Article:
A mapping project that stemmed from the International Polar Year has provided scientists with an intricate map of previously unmapped glaciers and their slow progress across the icy continent of Antarctica. “This is like seeing a map of all the oceans’ currents for the first time. It’s a game changer for glaciology,” said UCI Earth system science professor Eric Rignot, lead author of a paper on the ice flow published online today in Science Express. “We’re seeing amazing flows from the heart of the continent that had never been described before.”
Rignot, along with University of California, Irvine associate project scientist Jeremie Mouginot and Bernd Scheuchl used billions of data points captured by satellites run by the European, Japanese and Canadian space agencies. Then, with the aid of NASA technology, they pieced together the imagery to reveal the shape and velocity of glacial formations.
In so doing, the team also looked at the previously unchartered East Antarctica, which represents 77% of the massive continent.
Rignot said that they were stunned when they looked at the whole picture they had pieced together.
They discovered a massive ridge which splits the continent from east to west, and is 5.4 million square miles. They also saw unnamed glaciers and other formations moving up to 800 feet a year across immense plains sloping toward the Southern Ocean, and doing so in a manner different to past models of ice migration.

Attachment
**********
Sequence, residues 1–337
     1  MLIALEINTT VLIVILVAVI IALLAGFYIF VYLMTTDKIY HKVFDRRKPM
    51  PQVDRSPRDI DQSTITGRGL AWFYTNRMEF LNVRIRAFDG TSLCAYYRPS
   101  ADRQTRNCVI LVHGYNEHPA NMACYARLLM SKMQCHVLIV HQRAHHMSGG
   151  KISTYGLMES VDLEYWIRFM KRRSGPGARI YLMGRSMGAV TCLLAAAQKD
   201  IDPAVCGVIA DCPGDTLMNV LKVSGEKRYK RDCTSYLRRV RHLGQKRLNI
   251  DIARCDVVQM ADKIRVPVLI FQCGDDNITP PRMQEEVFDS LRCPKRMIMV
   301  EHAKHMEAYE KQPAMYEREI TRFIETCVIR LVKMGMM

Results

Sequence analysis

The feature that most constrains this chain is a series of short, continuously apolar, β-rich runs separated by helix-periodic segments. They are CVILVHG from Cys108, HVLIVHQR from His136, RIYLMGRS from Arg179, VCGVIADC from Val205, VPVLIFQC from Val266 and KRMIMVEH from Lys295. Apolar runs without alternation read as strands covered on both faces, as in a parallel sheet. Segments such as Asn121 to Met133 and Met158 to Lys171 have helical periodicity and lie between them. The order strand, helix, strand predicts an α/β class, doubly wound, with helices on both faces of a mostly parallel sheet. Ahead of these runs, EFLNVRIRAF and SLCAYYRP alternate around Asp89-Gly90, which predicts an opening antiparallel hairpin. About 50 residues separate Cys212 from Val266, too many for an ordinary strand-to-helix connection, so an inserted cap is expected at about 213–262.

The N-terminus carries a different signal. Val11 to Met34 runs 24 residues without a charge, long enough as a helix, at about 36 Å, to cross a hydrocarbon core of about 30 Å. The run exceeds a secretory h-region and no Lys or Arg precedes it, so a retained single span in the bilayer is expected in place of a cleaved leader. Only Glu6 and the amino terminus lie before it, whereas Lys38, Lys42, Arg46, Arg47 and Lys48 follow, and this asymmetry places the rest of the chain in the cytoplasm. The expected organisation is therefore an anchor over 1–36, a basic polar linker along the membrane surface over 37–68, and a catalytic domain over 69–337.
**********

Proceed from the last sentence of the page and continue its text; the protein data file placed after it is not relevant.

“The map points out something fundamentally new: that ice moves by slipping along the ground it rests on,” said Thomas Wagner, NASA’s cryospheric program scientist in Washington. “That’s critical knowledge for predicting future sea level rise. It means that if we lose ice at the coasts from the warming ocean, we open the tap to massive amounts of ice in the interior.”
The video below shows the motion of ice in Antarctica as measured by the satellite data from the Canadian Space Agency, the Japanese Space Agency and the European Space Agency, and processed by NASA-funded research from the University of California, Irvine.
The animation shows how the ice is transported from the interior to the coast, and the colours represent the speed at which the ice is flowing. The red and purple colours represent the fastest speeds.
Source: University of California, Irvine